Rapid Environmental Assessment for Aceh, IndonesiaSection 1: IntroductionOverviewOn Sunday, 26 <strong>December</strong> <strong>2004</strong>, a major earthquake measuring 9.0 on the Richter scaleoccurred <strong>of</strong>f the west coast <strong>of</strong> northern Sumatra. This was followed by aftershocksranging from 6.3 to 7.0 in severity. The earthquakes triggered powerful tsunamis up to10 meters in height that caused immense damage and loss <strong>of</strong> life in coastal areas <strong>of</strong> the<strong>Indian</strong> <strong>Ocean</strong>.<strong>Tsunami</strong>s and urgent environmental issuesAcute environmental impacts with immediate effects on human lives and direct relevanceto response efforts can be expected in the face <strong>of</strong> such a disaster. The Joint<strong>UNEP</strong>/OCHA Environment Unit (Joint Unit), integrated in the Emergency ServicesBranch <strong>of</strong> the United Nations Office for the Coordination <strong>of</strong> Humanitarian Affairs, is theprincipal United Nations mechanism mandated to assist countries facing environmentalemergencies. The Joint Unit is supporting rapid environmental assessments (REA) incollaboration with the United Nations <strong>Disaster</strong> Assessment and Coordination (UNDAC)teams that were mobilized to assist national and international tsunami response in theregion. The REA objective is to identify acute environmental issues with immediateimplications for human welfare and response efforts, and, based on this, to providehumanitarian partners with effective support and analysis.In Aceh, Indonesia the REA identified:• No major life threatening environmental emergencies resulted from thetsunamis;• Acute issues that must be addressed urgently, chief among them themanagement and disposal <strong>of</strong> immense amounts <strong>of</strong> debris and waste;• Medium-term and long-term impacts <strong>of</strong> the disaster, few <strong>of</strong> which havebeen quantified.Methodology and scopeThe REA was conducted in the areas most affected by the tsunami around Banda Acehand the west coast <strong>of</strong> Aceh Province, in northern Sumatra. Difficulties <strong>of</strong> access meantthat direct observation were made only in these areas. Other observations in this reportare based on interviews and local reports.An environment expert supported by the Dutch National Institute for Public Health andEnvironment (RIVM) and the Dutch Ministry <strong>of</strong> Housing, Spatial Planning andEnvironment (VROM) conducted the REA. This expert was deployed as a full member<strong>of</strong> the UNDAC team, in collaboration with the Joint Unit.The REA is based on site visits, observations and interviews conducted by the UNDACteam environmental expert. It was carried out in close cooperation with the specialenvironmental task force <strong>of</strong> the Indonesian Ministry <strong>of</strong> Environment, including their rapidassessment team, and the local authorities concerned with environmental issues(BAPEDAL).1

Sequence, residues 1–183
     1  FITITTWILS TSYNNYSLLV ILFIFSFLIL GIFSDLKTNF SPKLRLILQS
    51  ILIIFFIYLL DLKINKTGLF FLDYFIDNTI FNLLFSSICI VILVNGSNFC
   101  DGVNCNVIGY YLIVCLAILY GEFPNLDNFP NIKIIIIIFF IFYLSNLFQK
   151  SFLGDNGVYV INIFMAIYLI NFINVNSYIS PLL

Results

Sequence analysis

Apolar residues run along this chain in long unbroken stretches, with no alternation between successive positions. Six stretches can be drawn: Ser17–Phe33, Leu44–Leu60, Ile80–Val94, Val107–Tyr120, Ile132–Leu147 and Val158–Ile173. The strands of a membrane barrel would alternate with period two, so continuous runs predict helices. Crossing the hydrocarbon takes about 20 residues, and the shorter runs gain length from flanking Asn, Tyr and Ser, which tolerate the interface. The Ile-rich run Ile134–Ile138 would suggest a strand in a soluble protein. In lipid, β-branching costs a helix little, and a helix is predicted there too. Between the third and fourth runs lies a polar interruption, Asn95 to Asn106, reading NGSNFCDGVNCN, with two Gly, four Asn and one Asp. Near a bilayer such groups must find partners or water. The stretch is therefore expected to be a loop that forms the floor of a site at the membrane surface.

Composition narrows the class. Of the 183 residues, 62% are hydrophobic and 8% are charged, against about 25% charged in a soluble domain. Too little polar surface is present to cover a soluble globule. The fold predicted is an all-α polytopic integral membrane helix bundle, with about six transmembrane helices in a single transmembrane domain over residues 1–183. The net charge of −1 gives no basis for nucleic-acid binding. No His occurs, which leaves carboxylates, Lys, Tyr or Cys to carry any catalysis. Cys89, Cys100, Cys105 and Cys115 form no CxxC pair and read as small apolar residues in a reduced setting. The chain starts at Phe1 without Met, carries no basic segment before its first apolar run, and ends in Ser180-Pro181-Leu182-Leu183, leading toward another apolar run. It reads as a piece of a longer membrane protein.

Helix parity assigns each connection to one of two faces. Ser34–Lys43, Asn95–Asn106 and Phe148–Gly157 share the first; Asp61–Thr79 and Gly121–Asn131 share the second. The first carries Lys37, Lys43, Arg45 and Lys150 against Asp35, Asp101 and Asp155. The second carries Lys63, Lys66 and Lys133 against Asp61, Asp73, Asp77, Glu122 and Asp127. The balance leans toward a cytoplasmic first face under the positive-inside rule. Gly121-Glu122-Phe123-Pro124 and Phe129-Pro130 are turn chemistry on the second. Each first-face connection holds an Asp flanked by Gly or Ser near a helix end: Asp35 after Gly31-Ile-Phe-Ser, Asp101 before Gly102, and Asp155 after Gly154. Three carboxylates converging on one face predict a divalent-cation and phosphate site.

Rapid Environmental Assessment for Aceh, IndonesiaThe first three days <strong>of</strong> the assessment were conducted and coordinated with a team <strong>of</strong>three employees from the Ministry and an environmental consultant funded by theGerman governmental organization, GTZ. The national team mainly focused oncommunity and organizational aspects <strong>of</strong> the rapid environmental assessmentmethodology. The UNDAC member assessed potential acute risks caused by thetsunami.This report describes REA findings, and makes recommendations to ensure that supportand assistance can be mobilized and coordinated effectively to reduce environmentalrisks. The report is intended for humanitarian, disaster management and environmentalpr<strong>of</strong>essionals in national governments, international organizations, and nongovernmentalorganizations involved in response activities in the region.The REA did not provide in-depth analysis, nor was it all-inclusive. Conditions in theregion including limited access precluded this.Pre and post-disaster images at Banda Aceh2